The confidence that you acquire by mastering specific techniques. The rate of learning in CSHL is very high as is the demand and complexity of the courses. It is great to have the opportunity to ask your questions to pioneers, leaders, and scientific experts that collaborate with CSHL to teach and share their knowledge. 

Oscar received a fellowship from Pontificia Universidad Catolica del Ecuador (PUCE). On behalf of Oscar, thank you to the PUCE for supporting and enabling our scientists to attend a CSHL course where they expand their skills, knowledge, and network.

Thank you to Oscar for being this week's featured visitor. To meet other featured scientists - and discover the wide range of science that takes part in a CSHL meeting or course - go here.

Visitor of the Week: Tatiana Moiseeva

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Meet Tatiana Moiseeva of the University of Pittsburgh. The Russian national is a postdoctoral associate in Dr. Christopher Bakkenist’s lab. She returned to campus for her first CSHL course: Scientific Writing Retreat.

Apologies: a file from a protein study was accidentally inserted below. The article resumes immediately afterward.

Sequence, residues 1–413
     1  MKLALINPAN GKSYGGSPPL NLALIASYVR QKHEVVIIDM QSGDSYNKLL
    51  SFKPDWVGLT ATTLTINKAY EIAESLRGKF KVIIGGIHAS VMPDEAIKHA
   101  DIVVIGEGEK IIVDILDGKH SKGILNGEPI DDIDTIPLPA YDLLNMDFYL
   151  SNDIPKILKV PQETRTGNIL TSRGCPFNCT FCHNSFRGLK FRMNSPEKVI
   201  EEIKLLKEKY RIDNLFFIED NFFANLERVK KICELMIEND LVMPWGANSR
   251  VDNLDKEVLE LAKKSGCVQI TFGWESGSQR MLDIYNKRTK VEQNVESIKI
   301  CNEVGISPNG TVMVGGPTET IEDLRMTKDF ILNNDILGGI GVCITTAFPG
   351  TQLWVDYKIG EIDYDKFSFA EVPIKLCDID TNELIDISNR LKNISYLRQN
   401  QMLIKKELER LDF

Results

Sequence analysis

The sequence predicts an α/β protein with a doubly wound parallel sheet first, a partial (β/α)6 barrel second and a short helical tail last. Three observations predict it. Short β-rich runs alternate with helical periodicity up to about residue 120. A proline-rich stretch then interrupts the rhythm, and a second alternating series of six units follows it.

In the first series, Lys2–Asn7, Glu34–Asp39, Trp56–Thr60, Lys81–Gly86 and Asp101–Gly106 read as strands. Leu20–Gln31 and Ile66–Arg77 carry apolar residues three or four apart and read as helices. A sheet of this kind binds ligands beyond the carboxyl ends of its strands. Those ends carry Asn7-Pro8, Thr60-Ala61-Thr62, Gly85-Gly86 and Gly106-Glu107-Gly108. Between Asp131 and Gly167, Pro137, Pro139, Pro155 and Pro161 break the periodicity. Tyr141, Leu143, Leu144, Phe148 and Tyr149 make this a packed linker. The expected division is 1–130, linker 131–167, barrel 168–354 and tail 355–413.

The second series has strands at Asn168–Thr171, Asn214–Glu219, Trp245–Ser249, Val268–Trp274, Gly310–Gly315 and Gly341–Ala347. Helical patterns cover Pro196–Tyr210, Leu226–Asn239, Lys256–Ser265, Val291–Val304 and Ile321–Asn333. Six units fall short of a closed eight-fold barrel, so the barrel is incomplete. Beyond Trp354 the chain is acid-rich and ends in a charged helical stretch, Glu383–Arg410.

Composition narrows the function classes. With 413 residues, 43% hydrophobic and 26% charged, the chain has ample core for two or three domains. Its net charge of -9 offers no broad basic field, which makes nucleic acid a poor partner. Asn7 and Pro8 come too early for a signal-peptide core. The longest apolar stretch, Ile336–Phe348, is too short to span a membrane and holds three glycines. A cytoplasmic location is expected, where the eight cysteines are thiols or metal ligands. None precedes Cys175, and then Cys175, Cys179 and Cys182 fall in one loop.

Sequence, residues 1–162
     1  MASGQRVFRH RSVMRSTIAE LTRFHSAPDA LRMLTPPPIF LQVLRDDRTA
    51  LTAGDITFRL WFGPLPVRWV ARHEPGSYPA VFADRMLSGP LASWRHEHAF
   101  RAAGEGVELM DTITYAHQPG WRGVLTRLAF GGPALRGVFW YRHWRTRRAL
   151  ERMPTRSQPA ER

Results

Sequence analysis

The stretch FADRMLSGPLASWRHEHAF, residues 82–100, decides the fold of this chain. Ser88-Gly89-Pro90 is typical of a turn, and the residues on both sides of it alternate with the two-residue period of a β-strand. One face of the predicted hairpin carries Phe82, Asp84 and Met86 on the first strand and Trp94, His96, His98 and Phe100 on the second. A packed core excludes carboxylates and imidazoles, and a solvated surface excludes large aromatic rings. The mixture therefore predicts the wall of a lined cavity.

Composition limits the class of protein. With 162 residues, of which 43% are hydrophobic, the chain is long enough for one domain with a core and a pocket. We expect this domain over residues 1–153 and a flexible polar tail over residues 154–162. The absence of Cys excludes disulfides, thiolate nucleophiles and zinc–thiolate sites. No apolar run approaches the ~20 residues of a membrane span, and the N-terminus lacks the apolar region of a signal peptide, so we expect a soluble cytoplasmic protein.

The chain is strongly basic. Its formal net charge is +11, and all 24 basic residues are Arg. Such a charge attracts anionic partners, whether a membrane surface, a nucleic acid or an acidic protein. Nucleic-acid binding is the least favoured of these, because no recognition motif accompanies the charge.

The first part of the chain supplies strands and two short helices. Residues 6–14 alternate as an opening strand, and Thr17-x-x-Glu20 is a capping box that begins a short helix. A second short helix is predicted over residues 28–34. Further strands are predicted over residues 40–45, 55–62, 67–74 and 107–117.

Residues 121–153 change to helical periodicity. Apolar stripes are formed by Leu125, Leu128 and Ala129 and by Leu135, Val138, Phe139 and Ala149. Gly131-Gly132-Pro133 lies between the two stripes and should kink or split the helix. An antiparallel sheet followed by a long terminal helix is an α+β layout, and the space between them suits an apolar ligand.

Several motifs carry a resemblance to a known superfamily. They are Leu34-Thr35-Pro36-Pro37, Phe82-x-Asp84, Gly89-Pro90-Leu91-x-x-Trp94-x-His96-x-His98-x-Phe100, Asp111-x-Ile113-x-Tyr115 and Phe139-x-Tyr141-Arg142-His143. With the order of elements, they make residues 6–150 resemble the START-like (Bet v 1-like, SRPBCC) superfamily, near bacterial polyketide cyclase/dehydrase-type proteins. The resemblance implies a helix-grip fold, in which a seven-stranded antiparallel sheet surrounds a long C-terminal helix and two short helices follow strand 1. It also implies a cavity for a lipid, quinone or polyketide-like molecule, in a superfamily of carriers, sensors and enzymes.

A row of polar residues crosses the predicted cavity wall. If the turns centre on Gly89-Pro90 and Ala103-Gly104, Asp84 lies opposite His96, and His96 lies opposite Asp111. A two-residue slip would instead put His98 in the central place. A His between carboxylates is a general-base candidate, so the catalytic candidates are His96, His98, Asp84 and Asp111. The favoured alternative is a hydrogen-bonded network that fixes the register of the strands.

What are your research interests? What are you working on?
I study how human cells initiate the replication of their DNA and how they suppress the majority of the available replication origins that should only be used in the event of stress. Certain drugs that are currently in clinical trials can induce excessive replication initiation and make cells more prone to toxic DNA damage.

How did you decide to make this the focus of your research?